Branding will undergo sea-change in the post Covid-19 world

 Branding will undergo sea-change in the post Covid-19 world

Soham Majumdar

The Covid-19 pandemic has upturned global economies and businesses are the ones to take the hardest hit. While several companies are battling with bankruptcy, with corroding resources and deteriorating assets, many more such instances will follow if the financial engines are not started at the earliest.

Unfortunately, whenever a crisis of this magnitude occurs, branding and marketing budgets are always the ones to face the first cuts. It becomes an easy target since most large companies traditionally have their marketing functions outsourced. Within marketing, media spends are pulled back first, followed by service providers fees and then probably, employee remunerations.

Therefore, moving ahead, brands will not only look to cut costs in terms of creative and content production via intelligent tech infusions, but will also adopt innovative approaches and agile business marketing strategies, topped with exhaustive levels of intuition and coherence, in tandem with the new normal.



One of the aspects that will surge in prominence post the Covid-19 era, will be OmniChannel marketing, as it will allow brands to have a personalised engagement and interaction with customers across multiple platforms, as well as, improve targeted relevant advertising. Video marketing will also permeate the marketing mix extensively, as even post lockdown, practice of social distancing will continue and people will increasingly rely on digital media, especially videos.

Additionally, branding will become more niche or micro-niche going forward, focussing entirely on the brand strength rather than something generic. For example, a shoe manufacturer should talk about his key USP instead of talking about comfort, cost and accessibility, all at once.

Product offerings are also likely to witness readjustments. With limited incomes at their disposal, consumer buying behaviour is bound to shift going forward and essential purchases will displace luxury buying. Standalone luxury brands will need to bank upon alternative contingency plans to survive and win big. This can be done by finding workable ways without diluting the brand’s unique identity.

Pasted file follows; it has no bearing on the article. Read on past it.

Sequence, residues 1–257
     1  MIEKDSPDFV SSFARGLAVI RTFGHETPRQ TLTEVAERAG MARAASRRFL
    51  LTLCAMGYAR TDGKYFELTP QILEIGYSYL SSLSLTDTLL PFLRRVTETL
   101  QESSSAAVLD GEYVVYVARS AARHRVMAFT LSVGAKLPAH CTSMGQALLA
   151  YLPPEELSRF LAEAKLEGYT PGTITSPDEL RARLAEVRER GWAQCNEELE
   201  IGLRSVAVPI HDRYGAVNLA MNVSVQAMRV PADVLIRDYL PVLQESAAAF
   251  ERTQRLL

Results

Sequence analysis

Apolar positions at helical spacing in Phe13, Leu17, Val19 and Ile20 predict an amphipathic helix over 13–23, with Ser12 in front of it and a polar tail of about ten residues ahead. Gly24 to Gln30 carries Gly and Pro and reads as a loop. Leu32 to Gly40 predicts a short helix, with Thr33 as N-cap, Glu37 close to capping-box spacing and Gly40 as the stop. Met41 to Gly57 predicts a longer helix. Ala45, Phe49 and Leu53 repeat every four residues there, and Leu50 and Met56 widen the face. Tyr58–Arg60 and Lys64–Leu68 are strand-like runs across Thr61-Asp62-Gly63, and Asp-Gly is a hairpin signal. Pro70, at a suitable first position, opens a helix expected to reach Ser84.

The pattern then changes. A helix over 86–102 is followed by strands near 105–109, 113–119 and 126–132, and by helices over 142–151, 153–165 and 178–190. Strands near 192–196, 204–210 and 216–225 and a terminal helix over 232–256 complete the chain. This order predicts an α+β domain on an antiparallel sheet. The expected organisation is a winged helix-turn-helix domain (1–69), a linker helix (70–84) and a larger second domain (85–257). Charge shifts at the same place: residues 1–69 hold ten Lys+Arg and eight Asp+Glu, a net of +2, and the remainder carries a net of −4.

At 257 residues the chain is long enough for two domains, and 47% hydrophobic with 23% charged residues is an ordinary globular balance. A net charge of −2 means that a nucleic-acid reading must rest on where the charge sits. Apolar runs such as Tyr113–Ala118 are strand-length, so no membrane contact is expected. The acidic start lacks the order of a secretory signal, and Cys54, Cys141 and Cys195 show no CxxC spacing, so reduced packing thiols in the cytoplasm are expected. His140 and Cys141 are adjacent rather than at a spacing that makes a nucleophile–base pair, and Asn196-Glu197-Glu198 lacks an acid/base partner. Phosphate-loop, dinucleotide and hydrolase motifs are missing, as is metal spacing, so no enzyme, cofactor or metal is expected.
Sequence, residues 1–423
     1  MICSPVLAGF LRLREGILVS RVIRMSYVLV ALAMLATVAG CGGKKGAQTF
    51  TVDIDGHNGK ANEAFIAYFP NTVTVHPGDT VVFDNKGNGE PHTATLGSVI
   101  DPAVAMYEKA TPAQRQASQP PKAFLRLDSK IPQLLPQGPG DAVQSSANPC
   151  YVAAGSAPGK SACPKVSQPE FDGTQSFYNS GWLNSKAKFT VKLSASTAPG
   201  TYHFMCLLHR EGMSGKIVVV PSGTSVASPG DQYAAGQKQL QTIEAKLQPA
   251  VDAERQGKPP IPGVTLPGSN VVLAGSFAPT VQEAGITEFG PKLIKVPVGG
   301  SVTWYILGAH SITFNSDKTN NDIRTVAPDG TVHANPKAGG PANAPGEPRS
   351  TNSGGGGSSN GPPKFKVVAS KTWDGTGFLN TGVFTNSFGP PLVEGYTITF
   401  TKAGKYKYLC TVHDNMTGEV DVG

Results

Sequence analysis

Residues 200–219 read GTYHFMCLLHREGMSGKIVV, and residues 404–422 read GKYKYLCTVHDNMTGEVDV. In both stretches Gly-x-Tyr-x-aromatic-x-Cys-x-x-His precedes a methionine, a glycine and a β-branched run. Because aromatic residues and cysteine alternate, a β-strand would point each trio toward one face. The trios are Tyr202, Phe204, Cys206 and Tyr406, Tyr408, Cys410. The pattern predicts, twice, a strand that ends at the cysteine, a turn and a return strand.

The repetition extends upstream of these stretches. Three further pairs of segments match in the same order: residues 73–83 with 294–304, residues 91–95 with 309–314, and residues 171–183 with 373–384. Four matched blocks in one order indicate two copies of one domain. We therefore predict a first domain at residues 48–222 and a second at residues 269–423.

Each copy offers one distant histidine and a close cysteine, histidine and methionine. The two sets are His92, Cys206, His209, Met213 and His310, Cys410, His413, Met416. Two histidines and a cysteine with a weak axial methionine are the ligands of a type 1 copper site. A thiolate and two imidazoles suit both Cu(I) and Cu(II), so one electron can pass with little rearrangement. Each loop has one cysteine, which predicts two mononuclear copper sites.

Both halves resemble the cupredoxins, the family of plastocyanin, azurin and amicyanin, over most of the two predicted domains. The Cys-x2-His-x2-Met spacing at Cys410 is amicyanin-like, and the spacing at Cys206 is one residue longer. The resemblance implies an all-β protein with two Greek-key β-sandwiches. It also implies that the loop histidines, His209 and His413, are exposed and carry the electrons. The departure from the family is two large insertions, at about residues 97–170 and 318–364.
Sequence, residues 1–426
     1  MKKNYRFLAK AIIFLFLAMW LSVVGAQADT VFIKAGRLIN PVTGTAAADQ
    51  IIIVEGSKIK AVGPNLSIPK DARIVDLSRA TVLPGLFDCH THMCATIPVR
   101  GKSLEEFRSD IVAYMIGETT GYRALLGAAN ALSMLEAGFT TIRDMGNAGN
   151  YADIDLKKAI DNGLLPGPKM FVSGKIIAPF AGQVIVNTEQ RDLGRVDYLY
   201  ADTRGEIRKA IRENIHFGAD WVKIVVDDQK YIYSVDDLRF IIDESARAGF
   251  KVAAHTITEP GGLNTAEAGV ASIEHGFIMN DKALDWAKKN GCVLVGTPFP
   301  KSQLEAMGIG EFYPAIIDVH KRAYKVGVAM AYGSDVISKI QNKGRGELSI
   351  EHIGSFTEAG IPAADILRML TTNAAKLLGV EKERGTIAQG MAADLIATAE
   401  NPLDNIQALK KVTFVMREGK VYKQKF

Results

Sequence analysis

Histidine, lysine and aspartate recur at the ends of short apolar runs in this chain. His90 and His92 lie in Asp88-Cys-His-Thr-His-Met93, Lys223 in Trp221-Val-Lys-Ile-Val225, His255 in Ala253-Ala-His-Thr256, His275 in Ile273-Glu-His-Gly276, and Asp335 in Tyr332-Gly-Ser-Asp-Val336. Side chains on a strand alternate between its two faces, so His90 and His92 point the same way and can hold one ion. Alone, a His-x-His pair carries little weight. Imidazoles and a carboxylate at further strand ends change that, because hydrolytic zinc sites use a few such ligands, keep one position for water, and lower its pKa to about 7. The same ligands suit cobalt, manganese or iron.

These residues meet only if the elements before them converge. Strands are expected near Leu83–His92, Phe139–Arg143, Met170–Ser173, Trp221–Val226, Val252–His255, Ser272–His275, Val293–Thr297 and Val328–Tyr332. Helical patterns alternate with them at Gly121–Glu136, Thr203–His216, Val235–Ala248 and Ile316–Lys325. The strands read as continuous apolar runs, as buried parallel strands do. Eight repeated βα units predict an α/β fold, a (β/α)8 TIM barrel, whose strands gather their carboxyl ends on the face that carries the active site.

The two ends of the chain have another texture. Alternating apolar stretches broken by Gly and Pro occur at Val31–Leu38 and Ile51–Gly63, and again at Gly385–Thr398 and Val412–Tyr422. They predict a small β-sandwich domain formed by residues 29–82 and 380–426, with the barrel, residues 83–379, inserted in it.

CSR and philanthropic activities will also gain heightened prominence. In these testing times, serving the community, for example, feeding or taking care of the underprivileged, helping senior citizens, extending help to daily wage labourers will go a long way in riveting brand salience and its equity in people’s minds. Not only will it help a brand gain customer trust and support, but will also add to its credibility in the long run.

Further, communication around hygiene measures that are put in place, will also take the centre stage. Brands have to reassure customers that, right from the manufacturing to the point of sale, the entire supply chain works in robust adherence to stringent hygiene best-practices. Contactless experiences will be the norm across many segments and product categories.



Brand communication also need to be more empathetic in form and essence. With so much fear and uncertainty in the air, being sensitive to customer’s needs, wants and aspirations will help brands to craft messaging that are compassionate and are likely to be appreciated. Even little acts of kindness now will build trust and goodwill in the long run. It is time to showcase genuine care and concern.

It must also be noted that, long before Covid-19 emerged, consumer trust in the establishment and in the big brands was slowly retracting. Discerning customers today align more with friends, family and globally local businesses. The pandemic is likely to amplify this pattern and the key will be to re-establish trust through customer-centric actions.

Branding needs to be nimble and be completely in sync with what customers feel and does and why. Social listening will increasingly gain ground and brands will now pay more heed to customer care emails, phone calls and service chats from the front line to understand where the shift in sentiments is happening and what are they exactly pointing toward. The response will also be more honest and crisp as any broken promises now can be immensely detrimental to a brand’s reputation and value proposition, as most conversations are going to happen online and via digital channels.



Over the next six months, brands need to straddle on to well-mediated actions, considering multiple scenarios that might emerge. Some of which will include, managing promises by setting realistic expectations, creating capacities to address customer service volumes, ramping up digital deliveries and online transaction systems and optimising marketing budgets. Priority spending will rule the roost for most marketers out there.


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